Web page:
Wow – how profound!

I read one of the most profound statments I have heard in a very long time – and it was a “mater-of-fact” statement for the World Health Orginaization:

 

“Disability is the interaction between individuals with a health condition (e.g. cerebral palsy, Down syndrome and depression) and personal and environmental factors (e.g. negative attitudes, inaccessible transportation and public buildings, and limited social supports).”

 

This is so true and yet so overlooked.  You can read the whole thing here.  The difference between a disability and a medical condition really comes down to society’s attitudes.  That could be the society you interact with locally (your family, friends, co-workers, school mates, etc.)  or it could be the larger group that controls the news or the politics or the laws where you live.  But, the major difference between Down syndrome and an infection or the flu isn’t what systems are impacted or how persistent those effects are.  It is the way you are treated as a result of those conditions.

 

As a parent, I often say the most difficult thing about raising a child with DS is not therapies or medical complications, but the poor perception and misconceptions and dealing with the world in an “exception process”.  In order to have our daughter have healthcare, we needed a highly contentious law stating it is illegal to discriminate her out of private health care …before she needs to be in Medicaid, another exception.  For education she needs exceptional services and keeping her in regular class rooms could become a point of debate.  She requires therapies that other kids do not generally receive – and thus she is an exception.  The list goes on.

 

And here the WHO has just laid it out in black and white.  It is not the medical difficulties – the low muscle tone or the heart condition, or the cognitive impairments that cause my daughter to be “disabled”.  Those are medical issues like my runners knee or someones migraines.  What makes her “disabled” is the attitude and acceptance around her.  I quote the word “disabled” because I dislike it and because it highlights their point so well.  We defined her with a lable that says she is “like us, but less” when in fact she is better than most of us in quite a few fronts.  And she has opened my eyes ta boot!  So she has made me “more abled” and equipted.  Our society is better for the positive she brings to all and how she has impacted those of us that live with her and around her….and yet she is only labled as “disabled” or “lacking”.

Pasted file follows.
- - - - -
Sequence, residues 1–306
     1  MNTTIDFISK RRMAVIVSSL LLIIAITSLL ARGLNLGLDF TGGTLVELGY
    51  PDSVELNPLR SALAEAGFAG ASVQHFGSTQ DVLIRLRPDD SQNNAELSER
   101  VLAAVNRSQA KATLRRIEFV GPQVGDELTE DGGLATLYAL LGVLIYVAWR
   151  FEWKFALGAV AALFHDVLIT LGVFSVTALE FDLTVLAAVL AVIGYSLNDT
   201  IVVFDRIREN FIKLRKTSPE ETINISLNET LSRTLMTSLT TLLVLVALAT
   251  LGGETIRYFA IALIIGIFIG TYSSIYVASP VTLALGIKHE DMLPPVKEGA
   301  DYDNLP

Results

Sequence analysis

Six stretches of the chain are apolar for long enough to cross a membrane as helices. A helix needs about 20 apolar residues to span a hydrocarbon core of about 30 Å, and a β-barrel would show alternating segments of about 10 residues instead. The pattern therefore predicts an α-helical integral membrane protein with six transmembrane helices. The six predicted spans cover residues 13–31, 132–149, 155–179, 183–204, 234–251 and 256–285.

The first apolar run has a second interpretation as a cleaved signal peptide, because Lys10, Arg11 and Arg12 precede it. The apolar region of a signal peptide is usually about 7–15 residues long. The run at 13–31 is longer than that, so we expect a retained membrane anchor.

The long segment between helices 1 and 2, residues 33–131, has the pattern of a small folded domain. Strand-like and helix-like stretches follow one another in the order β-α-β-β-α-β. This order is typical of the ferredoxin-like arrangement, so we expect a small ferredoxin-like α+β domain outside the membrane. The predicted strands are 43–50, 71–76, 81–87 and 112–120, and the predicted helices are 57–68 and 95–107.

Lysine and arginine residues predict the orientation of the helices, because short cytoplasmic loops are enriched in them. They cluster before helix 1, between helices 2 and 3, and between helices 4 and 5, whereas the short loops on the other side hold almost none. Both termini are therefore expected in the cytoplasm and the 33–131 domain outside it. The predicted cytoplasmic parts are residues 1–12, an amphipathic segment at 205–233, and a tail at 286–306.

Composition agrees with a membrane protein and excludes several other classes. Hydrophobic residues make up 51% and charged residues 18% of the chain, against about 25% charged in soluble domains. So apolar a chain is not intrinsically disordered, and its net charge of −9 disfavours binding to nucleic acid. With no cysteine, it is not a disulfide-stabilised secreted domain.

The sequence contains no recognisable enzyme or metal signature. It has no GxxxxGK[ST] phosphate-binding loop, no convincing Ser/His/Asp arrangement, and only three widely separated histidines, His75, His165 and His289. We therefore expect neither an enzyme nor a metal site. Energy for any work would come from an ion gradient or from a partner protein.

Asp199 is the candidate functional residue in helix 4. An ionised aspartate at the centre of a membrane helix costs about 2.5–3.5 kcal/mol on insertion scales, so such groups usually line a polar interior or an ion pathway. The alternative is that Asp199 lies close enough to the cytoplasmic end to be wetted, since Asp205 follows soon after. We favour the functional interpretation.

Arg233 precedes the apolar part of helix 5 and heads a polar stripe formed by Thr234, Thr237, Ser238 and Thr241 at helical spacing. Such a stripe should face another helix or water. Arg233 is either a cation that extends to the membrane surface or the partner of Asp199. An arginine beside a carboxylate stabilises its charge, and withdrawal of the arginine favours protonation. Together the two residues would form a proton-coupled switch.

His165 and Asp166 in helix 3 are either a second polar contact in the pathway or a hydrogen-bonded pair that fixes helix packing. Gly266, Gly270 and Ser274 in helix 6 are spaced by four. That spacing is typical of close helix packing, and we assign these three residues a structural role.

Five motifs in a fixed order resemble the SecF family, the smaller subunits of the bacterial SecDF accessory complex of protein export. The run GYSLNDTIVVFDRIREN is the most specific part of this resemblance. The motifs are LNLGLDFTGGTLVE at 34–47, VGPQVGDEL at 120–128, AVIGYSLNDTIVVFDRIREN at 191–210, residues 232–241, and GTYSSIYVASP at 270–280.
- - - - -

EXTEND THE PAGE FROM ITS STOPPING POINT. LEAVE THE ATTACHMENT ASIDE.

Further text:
Hats off to the WHO for making such a profound and obvious statement!  The exceptions will always be there, this is a super-minority population in many ways.  But the question is how we view those exceptions and more importantly, how we view the people who might have different needs.  Then, by the WHO’s very definition, the easiest way to ameliorate disabilities is not through medical interventions or seek and destroy missions – but to change our attitudes. If we stop viewing differences as “bad” then there ceases to be a disability.  Perhaps that should start with changing the words we use?

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About liftedupbyds

I am father of a child with Down syndrome on a quest to bring greater positive awareness and greater opportunities to people with Down syndrome.
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